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Reaction mixed on airport gun ruling

By Valerie Baldowski

vbaldowski@henryherald.com

An appeals court's decision to uphold U.S. District Judge Marvin Shoob's dismissal of a lawsuit seeking to allow licensed gun owners to carry weapons in some parts of Hartsfield-Jackson Atlanta International Airport is drawing mixed reactions.

According to The Associated Press, the issue first surfaced in July 2008 when a state law allowing individuals with a gun permit to carry firearms into restaurants, state parks and on public transportation took effect. The airport was quickly declared a "gun-free" zone, and a group called GeorgiaCarry.org sued the city of Atlanta and Hartsfield-Jackson, claiming the airport qualifies as public transportation under the new state law.

Shoob dismissed the lawsuit last year on grounds that the group failed to prove the Georgia law would allow weapons into unsecured areas of the airport. Thursday, a three-judge panel of the 11th Circuit Court of Appeals agreed with Shoob's earlier ruling, stating the appeal was without merit.

"We are pleased with the court's ruling, and that Hartsfield-Jackson Atlanta International Airport will continue to remain a safe, secure gun-free environment for its 90 million passengers a year," Airport General Manager Ben DeCosta said.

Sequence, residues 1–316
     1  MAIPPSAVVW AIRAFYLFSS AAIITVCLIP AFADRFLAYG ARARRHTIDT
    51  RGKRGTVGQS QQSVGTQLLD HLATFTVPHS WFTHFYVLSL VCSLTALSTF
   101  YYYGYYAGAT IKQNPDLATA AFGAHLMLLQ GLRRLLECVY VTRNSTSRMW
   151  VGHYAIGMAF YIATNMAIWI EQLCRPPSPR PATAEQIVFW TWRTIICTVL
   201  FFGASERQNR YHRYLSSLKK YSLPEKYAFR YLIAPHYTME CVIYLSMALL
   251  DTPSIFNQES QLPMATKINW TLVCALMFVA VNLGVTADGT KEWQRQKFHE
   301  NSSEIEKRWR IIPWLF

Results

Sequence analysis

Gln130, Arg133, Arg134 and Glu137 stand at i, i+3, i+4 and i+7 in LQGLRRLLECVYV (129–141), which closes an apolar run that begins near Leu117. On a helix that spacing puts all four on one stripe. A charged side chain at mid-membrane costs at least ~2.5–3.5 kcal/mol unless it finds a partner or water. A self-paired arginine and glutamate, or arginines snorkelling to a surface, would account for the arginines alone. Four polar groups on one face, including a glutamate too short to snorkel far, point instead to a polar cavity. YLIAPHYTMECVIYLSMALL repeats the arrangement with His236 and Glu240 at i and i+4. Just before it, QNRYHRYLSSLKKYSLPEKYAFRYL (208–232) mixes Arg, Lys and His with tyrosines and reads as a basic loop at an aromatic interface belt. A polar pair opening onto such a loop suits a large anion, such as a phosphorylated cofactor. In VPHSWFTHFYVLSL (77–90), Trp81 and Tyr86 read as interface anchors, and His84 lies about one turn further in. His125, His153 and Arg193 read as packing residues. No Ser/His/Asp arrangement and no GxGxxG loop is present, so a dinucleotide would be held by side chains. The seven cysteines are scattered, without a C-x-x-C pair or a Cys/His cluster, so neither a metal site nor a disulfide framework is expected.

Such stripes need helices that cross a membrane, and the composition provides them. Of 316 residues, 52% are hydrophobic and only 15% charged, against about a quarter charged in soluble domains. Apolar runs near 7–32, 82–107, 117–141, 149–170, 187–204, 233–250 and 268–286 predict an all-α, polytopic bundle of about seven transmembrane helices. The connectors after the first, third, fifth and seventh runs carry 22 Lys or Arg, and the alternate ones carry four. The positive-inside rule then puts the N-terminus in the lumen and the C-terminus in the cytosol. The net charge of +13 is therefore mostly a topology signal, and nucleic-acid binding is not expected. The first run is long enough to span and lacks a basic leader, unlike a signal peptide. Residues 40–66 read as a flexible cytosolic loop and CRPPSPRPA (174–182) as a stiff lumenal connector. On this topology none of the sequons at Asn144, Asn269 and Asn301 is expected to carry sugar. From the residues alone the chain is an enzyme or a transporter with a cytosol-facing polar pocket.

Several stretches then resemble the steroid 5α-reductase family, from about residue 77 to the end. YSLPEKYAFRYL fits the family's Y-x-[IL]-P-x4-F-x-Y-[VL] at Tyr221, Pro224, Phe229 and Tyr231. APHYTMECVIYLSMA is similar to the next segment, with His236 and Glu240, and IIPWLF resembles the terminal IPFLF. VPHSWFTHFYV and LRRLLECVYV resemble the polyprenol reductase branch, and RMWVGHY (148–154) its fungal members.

Not everyone was pleased.

The owner of On The Square Jewelry & Pawn of McDonough, who identified himself only as George, said he felt the ruling violates citizens' rights.

"I think if you have a gun permit you should be allowed to carry your gun anywhere you want," he said. "It is our right. It is in the Constitution."

Others were hesitant to take an official stance on the matter.

U.S. Sen. Saxby Chambliss (R-Ga.) said through a spokesperson he has always been a staunch supporter of the Second Amendment, but he had no comment on this issue.

When contacted, Shoob had no comment on the ruling.

The law's supporters said they would resume exploring other legal options, but signaled the fight will likely shift to the Georgia Legislature.

State Rep. Tim Bearden (R-Villa Rica), who co-sponsored the law, vowed to clarify the language to specify the airport qualifies as public transportation.

"If we have to incorporate this to make it specifically clear - if we need to spell it out - then we're going to do that," he said.

Bearden has introduced a sweeping gun proposal, House Bill 615, that he expects could come to a vote for next year's legislative session. The measure, among other things, would ban the seizure of firearms during official states of emergency. But Bearden said it could eventually specifically allow firearms in parts of the airport.

"We're looking at all our options at this time," said Bearden.

The Associated Press contributed to this article.